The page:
Sea the hidden depths of Singapore

Sea the hidden depths of Singapore

SINGAPORE - Dark and murky waters surround Pulau Hantu, an island off Singapore's southern coast.

But go deeper - 6m to 16m under, as The Straits Times did on a scuba-diving trip last Saturday - and one discovers a "marine parade".

Bathed in green and yellow, this underwater town is dotted with hard rocks and corals that are branched out like trees. Shiny fish dart in and out so fast that they appear as slivers of silver - they are the speedsters of the aquatic world.

Like a shy schoolgirl at her first dance, a copper-banded butterfly fish hangs around just long enough to be seen but zooms away when approached.

Farther along the reef, soft corals sway in the underwater current, as though jiving to the music of revving motorboat engines and ship horns. Here, as on land, there is no avoiding heavy traffic.

Despite a name that means Ghost Island, Pulau Hantu is surrounded by life, rich sea life. Likewise, Singapore, the last place people think of when they think nature and wildlife, has plenty of bounty under the sea.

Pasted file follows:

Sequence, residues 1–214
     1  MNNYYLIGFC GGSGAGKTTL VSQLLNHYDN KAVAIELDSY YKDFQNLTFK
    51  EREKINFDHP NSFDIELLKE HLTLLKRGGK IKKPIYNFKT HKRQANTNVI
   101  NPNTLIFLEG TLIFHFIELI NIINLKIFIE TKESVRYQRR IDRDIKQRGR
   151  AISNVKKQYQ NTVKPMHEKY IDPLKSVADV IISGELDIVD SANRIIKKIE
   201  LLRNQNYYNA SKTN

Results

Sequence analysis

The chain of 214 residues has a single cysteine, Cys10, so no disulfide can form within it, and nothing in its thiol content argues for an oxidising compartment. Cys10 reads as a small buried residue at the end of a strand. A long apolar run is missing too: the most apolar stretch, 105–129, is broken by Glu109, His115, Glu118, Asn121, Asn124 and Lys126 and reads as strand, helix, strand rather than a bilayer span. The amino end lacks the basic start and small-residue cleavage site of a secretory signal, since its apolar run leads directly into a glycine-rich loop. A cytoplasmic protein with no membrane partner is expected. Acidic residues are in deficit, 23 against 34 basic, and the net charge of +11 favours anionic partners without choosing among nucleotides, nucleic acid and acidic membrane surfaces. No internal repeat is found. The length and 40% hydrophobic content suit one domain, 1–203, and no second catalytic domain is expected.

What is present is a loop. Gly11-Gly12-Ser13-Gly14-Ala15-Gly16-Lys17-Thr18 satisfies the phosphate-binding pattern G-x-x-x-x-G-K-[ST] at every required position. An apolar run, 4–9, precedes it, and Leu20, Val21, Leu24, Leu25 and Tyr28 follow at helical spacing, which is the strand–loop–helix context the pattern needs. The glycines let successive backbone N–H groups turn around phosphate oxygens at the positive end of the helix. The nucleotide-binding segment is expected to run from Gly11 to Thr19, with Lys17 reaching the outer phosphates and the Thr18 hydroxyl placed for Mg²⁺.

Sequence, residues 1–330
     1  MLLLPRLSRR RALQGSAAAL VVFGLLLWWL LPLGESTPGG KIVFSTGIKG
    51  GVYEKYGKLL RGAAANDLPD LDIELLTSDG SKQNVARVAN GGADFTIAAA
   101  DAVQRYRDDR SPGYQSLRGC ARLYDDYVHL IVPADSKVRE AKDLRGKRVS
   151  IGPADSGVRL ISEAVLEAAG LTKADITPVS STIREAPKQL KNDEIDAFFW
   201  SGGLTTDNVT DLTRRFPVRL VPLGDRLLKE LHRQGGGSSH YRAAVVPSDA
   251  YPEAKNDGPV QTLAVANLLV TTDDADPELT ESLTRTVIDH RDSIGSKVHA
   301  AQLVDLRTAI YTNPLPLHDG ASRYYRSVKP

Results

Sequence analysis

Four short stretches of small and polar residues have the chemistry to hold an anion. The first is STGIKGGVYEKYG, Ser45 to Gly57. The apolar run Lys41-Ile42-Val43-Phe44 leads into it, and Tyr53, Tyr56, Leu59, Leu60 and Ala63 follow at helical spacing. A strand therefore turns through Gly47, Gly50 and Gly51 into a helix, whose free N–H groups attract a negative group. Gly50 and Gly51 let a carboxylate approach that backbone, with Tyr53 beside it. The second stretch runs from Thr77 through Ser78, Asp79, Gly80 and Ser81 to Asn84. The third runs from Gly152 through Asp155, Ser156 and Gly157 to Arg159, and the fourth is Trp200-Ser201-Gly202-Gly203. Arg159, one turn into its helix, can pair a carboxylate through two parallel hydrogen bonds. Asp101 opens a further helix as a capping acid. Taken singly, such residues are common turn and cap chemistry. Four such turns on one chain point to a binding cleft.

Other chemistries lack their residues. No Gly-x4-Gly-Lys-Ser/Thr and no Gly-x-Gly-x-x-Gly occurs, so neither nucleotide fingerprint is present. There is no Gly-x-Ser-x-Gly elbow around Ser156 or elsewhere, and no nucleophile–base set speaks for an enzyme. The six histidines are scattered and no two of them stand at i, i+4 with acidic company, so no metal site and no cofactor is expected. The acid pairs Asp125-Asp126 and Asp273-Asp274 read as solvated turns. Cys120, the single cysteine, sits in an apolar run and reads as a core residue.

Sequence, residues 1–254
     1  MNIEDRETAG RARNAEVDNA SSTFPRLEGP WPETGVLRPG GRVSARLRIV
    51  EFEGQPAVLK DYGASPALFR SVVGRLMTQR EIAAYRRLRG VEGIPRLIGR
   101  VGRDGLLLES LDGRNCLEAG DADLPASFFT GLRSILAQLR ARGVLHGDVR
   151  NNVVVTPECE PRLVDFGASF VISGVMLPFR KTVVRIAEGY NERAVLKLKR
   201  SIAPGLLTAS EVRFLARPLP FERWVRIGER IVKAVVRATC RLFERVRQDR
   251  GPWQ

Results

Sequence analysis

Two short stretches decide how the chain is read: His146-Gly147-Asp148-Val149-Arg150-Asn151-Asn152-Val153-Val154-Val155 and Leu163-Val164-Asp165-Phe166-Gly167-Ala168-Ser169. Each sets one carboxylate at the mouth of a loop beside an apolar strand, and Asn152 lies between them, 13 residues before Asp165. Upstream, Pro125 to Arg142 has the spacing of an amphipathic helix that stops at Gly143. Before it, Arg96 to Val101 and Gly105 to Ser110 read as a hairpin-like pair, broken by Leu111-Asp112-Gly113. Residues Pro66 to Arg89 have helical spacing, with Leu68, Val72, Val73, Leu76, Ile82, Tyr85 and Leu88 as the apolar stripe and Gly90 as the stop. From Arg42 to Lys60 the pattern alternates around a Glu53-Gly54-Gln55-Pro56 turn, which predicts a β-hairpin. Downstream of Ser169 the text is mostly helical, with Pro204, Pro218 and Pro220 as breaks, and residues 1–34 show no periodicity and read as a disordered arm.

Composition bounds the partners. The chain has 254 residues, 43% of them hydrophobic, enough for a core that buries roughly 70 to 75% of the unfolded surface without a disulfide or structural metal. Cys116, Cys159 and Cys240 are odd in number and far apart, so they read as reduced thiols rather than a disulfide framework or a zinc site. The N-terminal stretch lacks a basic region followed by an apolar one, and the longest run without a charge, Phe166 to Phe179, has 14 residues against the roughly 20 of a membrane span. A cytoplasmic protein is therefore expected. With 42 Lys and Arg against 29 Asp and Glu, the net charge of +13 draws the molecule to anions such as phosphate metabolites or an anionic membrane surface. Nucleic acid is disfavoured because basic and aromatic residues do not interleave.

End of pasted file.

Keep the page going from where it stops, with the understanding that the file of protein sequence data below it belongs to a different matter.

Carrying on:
The waters around Singapore are home to more than 250 species of hard corals alone - about 40 per cent of the types of corals found in South-east Asia.

Corals are found not only around Pulau Hantu but also near other islands such as Pulau Sudong, a restricted area used by the military for live firing. Lucky divers get glimpses of sea turtles, dolphins or even reef sharks.

But it is not easy to see what lies beneath.

The waters around Pulau Hantu, for instance, are heavily sedimented, with visibility going only as far as an outstretched arm.

Yet, up until the mid-1960s, Singapore had waters as clear as those at Tioman, said marine conservationist and lawyer Francis Lee, 68.

National University of Singapore (NUS) marine biologist Chou Loke Ming said back then, corals and other reef life at 10m underwater could be seen from a boat.

But as Mr Lee said: "But by the late 1960s, the clarity of the waters went downhill."

Most of the damage was caused by intensive land reclamation and development, he added.

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